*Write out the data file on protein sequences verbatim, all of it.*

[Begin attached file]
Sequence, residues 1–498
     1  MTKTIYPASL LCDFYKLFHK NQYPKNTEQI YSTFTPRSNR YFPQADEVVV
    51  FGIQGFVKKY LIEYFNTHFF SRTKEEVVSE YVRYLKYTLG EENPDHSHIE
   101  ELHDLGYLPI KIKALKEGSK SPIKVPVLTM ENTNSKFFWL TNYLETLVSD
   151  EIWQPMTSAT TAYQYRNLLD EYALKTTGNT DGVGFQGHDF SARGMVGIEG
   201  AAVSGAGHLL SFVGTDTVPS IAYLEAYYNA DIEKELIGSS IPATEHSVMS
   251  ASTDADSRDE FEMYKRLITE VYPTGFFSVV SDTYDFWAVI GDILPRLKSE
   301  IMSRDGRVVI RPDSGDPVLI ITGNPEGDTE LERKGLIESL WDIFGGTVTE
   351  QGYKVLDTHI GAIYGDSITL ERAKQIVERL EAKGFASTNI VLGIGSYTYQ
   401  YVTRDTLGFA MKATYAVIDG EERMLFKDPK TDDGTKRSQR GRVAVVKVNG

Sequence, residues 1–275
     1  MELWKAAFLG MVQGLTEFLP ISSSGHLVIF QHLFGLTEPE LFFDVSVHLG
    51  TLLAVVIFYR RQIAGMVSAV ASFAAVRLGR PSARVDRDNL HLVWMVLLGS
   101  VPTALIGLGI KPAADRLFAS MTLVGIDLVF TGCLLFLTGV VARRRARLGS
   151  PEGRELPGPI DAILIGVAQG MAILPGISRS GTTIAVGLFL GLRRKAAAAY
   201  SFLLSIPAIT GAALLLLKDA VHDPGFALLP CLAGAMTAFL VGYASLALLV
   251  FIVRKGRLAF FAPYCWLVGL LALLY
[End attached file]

Sequence, residues 1–498
     1  MTKTIYPASL LCDFYKLFHK NQYPKNTEQI YSTFTPRSNR YFPQADEVVV
    51  FGIQGFVKKY LIEYFNTHFF SRTKEEVVSE YVRYLKYTLG EENPDHSHIE
   101  ELHDLGYLPI KIKALKEGSK SPIKVPVLTM ENTNSKFFWL TNYLETLVSD
   151  EIWQPMTSAT TAYQYRNLLD EYALKTTGNT DGVGFQGHDF SARGMVGIEG
   201  AAVSGAGHLL SFVGTDTVPS IAYLEAYYNA DIEKELIGSS IPATEHSVMS
   251  ASTDADSRDE FEMYKRLITE VYPTGFFSVV SDTYDFWAVI GDILPRLKSE
   301  IMSRDGRVVI RPDSGDPVLI ITGNPEGDTE LERKGLIESL WDIFGGTVTE
   351  QGYKVLDTHI GAIYGDSITL ERAKQIVERL EAKGFASTNI VLGIGSYTYQ
   401  YVTRDTLGFA MKATYAVIDG EERMLFKDPK TDDGTKRSQR GRVAVVKVNG

Sequence, residues 1–275
     1  MELWKAAFLG MVQGLTEFLP ISSSGHLVIF QHLFGLTEPE LFFDVSVHLG
    51  TLLAVVIFYR RQIAGMVSAV ASFAAVRLGR PSARVDRDNL HLVWMVLLGS
   101  VPTALIGLGI KPAADRLFAS MTLVGIDLVF TGCLLFLTGV VARRRARLGS
   151  PEGRELPGPI DAILIGVAQG MAILPGISRS GTTIAVGLFL GLRRKAAAAY
   201  SFLLSIPAIT GAALLLLKDA VHDPGFALLP CLAGAMTAFL VGYASLALLV
   251  FIVRKGRLAF FAPYCWLVGL LALLY